In operation, the multiple single bit noise shaped modulators 130 include multiple comparators 136 coupled to the reference signal generator to receive associated multiple reference signals and the filtered analog input error signal and to generate a comparison data. An encoder coupled to the quantizer is used to receive the comparison data and generate multibit digital output signal. Further, a first feedback arrangement with at least one DAC 230 coupled to the quantizer for supplying to the first analog filter 120 a quantizer feedback signal based on the multibit digital output signal.
In operation, a third summer/subtractor 140 is used to receive digital output signal from each of the multiple single bit noise shaped modulators 130 and output the multibit digital output signal. Further, the amplifier 220 is used to receive the multibit digital output signal and to amplify the quantizer feedback signal. In these embodiments, the multibit DAC 230 coupled between an output of the amplifier 220 and the first summer/subtractor 110 converts the quantizer feedback signal to an analog feedback signal.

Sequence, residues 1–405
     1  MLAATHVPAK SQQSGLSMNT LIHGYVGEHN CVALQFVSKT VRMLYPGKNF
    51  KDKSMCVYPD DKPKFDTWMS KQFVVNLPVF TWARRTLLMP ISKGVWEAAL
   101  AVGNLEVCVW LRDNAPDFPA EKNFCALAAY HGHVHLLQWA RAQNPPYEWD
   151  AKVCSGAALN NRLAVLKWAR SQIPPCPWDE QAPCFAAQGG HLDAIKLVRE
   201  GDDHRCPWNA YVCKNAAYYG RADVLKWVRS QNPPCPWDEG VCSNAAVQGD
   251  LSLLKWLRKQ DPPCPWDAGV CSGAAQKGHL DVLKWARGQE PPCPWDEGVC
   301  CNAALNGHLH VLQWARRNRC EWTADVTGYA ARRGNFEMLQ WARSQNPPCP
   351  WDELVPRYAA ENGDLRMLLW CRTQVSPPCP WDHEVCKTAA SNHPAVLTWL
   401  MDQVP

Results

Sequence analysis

In accordance with the above described operations, an analog input error signal is received (e.g., using the first analog filter 120 of
The above technique is suitable for low voltage, deep sub-micron digital process. Further, Over Sampling Rate (OSR) of the sigma delta modulators can be increased without introducing any comparator offset and/or speed limitation. The above-described topology of the sigma delta modulators can achieve a faster operation and lower noise. The above architecture can facilitate in low signal swing design, thereby allowing usage of high density capacitors and can still provide a high distortion performance. The above technique can facilitate in realizing a very high clock (˜GHz) rate multi-bit sigma delta modulator that uses significantly lower power.